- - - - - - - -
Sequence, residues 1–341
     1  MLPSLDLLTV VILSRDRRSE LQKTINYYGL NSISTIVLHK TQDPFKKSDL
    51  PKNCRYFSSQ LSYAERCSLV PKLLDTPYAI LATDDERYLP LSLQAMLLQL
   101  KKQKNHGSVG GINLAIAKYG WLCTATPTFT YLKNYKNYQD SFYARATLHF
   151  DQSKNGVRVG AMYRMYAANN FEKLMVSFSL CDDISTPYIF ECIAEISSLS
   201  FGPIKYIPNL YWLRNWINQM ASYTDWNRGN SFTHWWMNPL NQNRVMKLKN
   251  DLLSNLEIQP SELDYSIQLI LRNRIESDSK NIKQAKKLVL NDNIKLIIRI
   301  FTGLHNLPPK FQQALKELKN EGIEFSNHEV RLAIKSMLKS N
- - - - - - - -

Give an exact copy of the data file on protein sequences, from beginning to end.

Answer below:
Sequence, residues 1–341
     1  MLPSLDLLTV VILSRDRRSE LQKTINYYGL NSISTIVLHK TQDPFKKSDL
    51  PKNCRYFSSQ LSYAERCSLV PKLLDTPYAI LATDDERYLP LSLQAMLLQL
   101  KKQKNHGSVG GINLAIAKYG WLCTATPTFT YLKNYKNYQD SFYARATLHF
   151  DQSKNGVRVG AMYRMYAANN FEKLMVSFSL CDDISTPYIF ECIAEISSLS
   201  FGPIKYIPNL YWLRNWINQM ASYTDWNRGN SFTHWWMNPL NQNRVMKLKN
   251  DLLSNLEIQP SELDYSIQLI LRNRIESDSK NIKQAKKLVL NDNIKLIIRI
   301  FTGLHNLPPK FQQALKELKN EGIEFSNHEV RLAIKSMLKS N